Policy Director

Matt Shaver

Matt coordinates EdAllies’ advocacy efforts, serving as a point person for policymakers, partners, and the community. He is passionate about developing diverse coalitions of stakeholders to put traditionally underserved students at the center of policy decisions.

Matt brings his experience as an elementary and middle school teacher to the forefront of policy discussions and knows firsthand how policy decisions can impact students and families. Matt has been a teacher in both district and charter schools in Massachusetts and Minnesota. He began his career at Edward Brooke Charter Schools in Boston, and since returning home, has taught at the Harvest Network of Schools, Northeast College Prep, and Minneapolis Public Schools.

Matt also has policy and program experience outside of the classroom. He was a Policy Fellow with the Center for Policy Design, an Advocacy Fellow with Educators for Excellence, and served on a national panel of experts on district reopening plans with the Center for Reinventing Public Education. He has worked as a policy researcher for TNTP and curriculum developer for National Farmers Union, InquirED, and the Texas Education Agency.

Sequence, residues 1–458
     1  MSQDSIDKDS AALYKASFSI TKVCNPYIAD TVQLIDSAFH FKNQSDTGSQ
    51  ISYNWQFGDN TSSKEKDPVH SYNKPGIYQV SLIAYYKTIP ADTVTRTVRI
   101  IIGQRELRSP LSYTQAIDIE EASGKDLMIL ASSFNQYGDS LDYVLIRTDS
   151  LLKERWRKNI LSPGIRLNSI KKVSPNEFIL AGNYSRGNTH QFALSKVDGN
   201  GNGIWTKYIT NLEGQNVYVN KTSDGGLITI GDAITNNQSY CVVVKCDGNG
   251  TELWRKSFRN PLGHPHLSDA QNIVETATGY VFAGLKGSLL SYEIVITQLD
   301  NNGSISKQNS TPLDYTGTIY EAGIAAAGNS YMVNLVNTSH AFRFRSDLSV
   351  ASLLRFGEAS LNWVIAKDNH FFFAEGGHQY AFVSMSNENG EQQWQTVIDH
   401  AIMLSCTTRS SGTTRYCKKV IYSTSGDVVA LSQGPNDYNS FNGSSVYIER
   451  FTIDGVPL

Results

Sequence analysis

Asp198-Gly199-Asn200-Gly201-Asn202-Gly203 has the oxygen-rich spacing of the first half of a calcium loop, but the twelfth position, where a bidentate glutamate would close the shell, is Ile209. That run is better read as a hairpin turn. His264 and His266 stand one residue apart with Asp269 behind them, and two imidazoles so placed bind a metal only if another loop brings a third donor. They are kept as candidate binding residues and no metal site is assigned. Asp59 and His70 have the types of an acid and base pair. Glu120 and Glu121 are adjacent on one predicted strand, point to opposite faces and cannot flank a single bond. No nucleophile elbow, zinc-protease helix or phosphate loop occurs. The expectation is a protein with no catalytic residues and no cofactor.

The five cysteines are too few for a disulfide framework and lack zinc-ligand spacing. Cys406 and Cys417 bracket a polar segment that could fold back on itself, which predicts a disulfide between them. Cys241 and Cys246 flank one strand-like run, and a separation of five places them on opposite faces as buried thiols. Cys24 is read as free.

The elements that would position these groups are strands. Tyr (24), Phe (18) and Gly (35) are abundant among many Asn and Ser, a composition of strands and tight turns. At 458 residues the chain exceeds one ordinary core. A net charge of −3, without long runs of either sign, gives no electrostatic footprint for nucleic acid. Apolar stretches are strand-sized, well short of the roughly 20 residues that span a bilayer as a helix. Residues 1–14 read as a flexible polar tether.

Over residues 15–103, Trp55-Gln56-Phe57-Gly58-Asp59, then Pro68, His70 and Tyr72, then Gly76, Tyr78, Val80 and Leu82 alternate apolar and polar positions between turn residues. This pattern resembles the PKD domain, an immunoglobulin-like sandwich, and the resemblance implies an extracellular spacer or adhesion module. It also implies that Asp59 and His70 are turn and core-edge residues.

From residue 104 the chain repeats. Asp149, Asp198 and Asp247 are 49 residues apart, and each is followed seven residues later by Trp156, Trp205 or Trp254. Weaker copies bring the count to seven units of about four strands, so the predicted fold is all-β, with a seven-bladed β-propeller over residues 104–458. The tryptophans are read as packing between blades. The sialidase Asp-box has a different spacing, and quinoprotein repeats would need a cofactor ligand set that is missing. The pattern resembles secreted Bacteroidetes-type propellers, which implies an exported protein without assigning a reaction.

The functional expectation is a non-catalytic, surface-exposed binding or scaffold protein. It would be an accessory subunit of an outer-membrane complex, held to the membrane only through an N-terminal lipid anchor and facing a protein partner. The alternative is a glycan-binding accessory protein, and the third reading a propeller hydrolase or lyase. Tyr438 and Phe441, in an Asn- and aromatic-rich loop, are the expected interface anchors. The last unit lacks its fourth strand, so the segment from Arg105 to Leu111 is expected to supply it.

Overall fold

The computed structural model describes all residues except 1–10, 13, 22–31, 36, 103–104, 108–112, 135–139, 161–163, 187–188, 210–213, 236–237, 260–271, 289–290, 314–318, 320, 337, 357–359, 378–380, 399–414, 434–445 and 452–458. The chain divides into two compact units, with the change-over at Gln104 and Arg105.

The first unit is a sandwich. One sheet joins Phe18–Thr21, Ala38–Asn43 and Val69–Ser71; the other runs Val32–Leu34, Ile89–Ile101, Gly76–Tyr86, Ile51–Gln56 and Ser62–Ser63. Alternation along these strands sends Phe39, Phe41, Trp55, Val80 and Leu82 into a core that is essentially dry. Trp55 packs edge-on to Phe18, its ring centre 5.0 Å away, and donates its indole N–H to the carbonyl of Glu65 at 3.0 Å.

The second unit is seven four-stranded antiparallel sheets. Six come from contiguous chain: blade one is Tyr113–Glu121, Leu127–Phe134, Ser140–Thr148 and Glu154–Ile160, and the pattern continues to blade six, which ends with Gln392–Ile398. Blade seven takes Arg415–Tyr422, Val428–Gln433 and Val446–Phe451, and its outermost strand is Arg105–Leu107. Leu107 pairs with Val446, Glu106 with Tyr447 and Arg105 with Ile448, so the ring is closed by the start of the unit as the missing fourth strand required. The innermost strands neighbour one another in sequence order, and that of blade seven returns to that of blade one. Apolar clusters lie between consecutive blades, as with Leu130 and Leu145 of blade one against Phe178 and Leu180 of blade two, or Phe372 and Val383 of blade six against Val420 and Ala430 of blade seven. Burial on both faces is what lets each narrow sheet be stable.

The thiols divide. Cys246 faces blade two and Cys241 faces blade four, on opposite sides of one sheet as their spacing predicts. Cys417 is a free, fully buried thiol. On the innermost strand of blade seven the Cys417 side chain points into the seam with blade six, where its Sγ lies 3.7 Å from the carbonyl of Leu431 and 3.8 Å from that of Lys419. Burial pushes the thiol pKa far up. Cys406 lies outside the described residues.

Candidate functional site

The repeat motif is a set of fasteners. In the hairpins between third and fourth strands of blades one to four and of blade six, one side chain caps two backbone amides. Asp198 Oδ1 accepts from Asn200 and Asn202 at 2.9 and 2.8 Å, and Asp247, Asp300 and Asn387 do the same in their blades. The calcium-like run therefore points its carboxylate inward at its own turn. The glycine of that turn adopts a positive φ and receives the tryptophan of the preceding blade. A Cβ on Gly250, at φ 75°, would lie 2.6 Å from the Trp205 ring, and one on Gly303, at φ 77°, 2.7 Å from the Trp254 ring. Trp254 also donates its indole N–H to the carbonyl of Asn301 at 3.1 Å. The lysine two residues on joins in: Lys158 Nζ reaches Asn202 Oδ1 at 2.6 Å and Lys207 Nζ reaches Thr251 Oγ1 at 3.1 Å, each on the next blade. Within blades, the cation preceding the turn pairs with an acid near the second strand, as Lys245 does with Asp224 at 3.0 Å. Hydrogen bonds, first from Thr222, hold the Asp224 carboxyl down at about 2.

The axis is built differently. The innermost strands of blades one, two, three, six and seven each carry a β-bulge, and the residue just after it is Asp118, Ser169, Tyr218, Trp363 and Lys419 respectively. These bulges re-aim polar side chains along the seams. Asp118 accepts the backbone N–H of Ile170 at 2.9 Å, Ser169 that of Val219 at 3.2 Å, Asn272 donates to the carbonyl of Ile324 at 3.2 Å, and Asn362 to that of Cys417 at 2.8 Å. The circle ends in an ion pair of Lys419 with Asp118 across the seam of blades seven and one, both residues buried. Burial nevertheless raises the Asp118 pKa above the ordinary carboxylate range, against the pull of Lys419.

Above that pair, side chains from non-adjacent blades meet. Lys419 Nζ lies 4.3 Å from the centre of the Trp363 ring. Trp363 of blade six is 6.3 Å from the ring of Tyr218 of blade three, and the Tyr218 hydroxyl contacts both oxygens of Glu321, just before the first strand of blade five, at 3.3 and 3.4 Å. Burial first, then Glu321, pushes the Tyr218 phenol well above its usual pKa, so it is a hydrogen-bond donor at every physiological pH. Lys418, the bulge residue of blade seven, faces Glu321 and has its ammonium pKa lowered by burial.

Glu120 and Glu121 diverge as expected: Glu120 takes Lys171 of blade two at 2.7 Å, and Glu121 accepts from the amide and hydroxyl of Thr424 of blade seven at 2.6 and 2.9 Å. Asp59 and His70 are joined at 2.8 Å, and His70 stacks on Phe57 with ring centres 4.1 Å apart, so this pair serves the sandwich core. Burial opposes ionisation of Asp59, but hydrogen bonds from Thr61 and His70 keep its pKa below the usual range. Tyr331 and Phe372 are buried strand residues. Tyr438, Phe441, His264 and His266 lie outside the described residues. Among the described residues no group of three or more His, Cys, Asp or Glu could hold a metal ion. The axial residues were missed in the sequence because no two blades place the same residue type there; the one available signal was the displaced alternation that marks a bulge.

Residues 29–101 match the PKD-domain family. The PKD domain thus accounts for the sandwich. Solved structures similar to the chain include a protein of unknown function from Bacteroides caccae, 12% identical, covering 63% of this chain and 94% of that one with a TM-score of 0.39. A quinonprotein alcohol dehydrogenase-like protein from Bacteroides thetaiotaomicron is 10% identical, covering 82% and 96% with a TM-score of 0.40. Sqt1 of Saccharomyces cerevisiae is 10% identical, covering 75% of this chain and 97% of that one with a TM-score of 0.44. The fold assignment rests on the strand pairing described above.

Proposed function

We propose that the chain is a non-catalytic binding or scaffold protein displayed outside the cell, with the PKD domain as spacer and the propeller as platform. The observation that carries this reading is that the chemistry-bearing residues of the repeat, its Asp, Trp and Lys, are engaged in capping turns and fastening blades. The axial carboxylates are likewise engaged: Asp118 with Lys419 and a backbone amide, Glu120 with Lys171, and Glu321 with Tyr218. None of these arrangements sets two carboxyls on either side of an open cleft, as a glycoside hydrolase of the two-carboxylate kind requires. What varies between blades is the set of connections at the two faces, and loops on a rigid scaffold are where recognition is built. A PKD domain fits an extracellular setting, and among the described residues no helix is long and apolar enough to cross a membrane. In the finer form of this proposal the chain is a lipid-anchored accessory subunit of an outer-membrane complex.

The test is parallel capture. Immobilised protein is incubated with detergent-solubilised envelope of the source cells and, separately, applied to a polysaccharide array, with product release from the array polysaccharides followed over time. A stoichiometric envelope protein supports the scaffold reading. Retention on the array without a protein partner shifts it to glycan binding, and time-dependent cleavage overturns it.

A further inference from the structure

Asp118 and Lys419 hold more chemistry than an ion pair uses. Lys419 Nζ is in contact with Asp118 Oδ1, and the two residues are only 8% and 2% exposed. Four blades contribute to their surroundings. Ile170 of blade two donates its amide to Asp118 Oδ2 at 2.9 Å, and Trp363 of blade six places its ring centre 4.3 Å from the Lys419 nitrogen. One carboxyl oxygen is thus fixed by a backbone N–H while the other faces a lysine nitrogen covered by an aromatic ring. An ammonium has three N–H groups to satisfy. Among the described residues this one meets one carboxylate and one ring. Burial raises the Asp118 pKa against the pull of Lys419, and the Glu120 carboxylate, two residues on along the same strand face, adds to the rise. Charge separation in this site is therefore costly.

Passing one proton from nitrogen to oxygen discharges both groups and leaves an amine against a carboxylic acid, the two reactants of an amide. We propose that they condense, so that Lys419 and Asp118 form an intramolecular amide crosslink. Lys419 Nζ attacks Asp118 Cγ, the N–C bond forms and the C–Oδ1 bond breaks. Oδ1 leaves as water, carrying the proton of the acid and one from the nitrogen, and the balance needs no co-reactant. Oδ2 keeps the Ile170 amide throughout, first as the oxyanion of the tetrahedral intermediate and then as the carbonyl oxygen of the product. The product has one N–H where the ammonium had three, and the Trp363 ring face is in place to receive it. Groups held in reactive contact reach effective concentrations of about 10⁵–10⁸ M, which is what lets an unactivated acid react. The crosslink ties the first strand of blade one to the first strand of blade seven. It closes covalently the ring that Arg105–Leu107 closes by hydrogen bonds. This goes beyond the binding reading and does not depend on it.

Matt holds a bachelor’s degree in elementary education from Concordia College; a certificate in education finance from Georgetown University; and is working on his master’s degree in urban education from Metro State University. He lives in south Minneapolis with his educator spouse Kristin, one-year-old son Wesley, and old lab Charlie.

What do you hope to see change in education during your lifetime?

Minnesotans need to accept the reality that our system of education has generationally denied students of color a quality education and a path to a life of their choosing. My hope is that all stakeholders can agree about the “fierce urgency of now” when it comes to educating all kids. All kids have the potential to do great things and are deserving of being treated and taught as such. We have to get to a place in our state where students are being taught to read using evidence-based instruction and curricula. I hope to see schools closing the achievement gap and the state legislature closing the resource gap so that students and educators have the resources concentrated where they are needed the most. I would like to help build a bridge between the various factions and stakeholders in education so that adults, regardless of politics, are working in concert on behalf of kids.